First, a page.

Just like “no one is born a criminal,” no investment instrument is bad or good. It is the application of that instrument that makes all the difference[2].

                  As a general rule, for all your short-term financial goals, choose an investment instrument that has debt nature, for example fixed deposits, debt mutual funds, etc. The reason for going for debt instruments is that chances of capital loss is less compared to equity instruments.

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                  3. Compounding Is the Eighth Wonder

                  Einstein once remarked about compounding:

                  “Compound interest is the eighth wonder of the world. He who understands it, earns it… He who doesn’t… Pays it.”

                  Use compound interest when setting financial goals

                    Make friends with this wonder kid. The sooner you become friends with it, the quicker you will reach closer to your financial goals.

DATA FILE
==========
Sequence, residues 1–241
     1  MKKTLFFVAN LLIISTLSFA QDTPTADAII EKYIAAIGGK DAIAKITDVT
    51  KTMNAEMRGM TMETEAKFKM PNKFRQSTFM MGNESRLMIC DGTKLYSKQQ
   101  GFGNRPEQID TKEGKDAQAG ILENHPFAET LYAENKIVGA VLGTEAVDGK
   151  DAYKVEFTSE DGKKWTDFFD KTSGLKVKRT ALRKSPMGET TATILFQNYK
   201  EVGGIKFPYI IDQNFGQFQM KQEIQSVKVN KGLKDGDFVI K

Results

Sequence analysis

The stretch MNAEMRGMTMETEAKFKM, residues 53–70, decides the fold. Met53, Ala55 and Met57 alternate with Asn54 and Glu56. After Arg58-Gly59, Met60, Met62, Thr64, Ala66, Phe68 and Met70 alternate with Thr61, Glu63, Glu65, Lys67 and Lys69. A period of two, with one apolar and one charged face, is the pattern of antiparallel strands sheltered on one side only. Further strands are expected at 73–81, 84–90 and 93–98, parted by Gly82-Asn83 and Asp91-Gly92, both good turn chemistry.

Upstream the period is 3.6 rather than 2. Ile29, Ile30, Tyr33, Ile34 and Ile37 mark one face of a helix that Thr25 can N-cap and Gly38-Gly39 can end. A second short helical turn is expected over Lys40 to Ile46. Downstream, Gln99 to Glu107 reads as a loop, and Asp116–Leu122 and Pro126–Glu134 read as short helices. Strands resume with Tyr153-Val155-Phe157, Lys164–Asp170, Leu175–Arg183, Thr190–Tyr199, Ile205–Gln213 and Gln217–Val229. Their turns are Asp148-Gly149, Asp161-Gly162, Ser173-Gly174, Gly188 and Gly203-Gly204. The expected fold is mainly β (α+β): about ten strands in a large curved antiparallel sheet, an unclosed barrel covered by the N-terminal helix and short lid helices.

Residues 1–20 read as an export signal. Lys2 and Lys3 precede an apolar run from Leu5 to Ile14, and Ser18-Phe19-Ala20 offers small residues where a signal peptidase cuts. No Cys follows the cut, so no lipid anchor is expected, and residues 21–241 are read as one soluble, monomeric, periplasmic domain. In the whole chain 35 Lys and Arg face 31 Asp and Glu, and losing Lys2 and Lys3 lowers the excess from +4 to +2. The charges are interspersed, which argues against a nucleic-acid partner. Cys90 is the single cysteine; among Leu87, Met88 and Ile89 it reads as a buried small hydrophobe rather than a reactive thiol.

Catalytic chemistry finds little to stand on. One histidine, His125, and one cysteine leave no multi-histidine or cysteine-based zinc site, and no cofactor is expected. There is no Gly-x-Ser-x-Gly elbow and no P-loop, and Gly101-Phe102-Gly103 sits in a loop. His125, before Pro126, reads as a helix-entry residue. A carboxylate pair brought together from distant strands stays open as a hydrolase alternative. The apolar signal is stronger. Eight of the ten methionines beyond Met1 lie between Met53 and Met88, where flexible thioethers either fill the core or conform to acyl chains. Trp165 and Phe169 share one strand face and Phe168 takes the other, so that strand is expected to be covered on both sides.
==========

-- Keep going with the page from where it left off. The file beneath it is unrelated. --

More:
Start saving early so that time is on your side to help you bear the fruits of compounding.

                    4. Measure, Measure, Measure

                    All of us do good when it comes to earning more per month but fail miserably when it comes to measuring the investments and taking stock of how our investments are doing.

                    If we don’t measure progress at the right times, we are shooting in the dark. We won’t know if our saving rate is appropriate or not, whether the financial advisor is doing a decent job, or whether we are moving closer to our target.

                    Measure everything. If you can’t measure it all yourself, ask your financial advisor to do it for you. But do it!

                    The Bottom Line

                    Managing your extra money to achieve your short and long-term financial goals

                    and live a debt-free life is doable for anyone who is willing to put in the time and effort. Use the tips above to get you started on your path to setting financial goals.

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                    Featured photo credit: Micheile Henderson via unsplash.com

                    Reference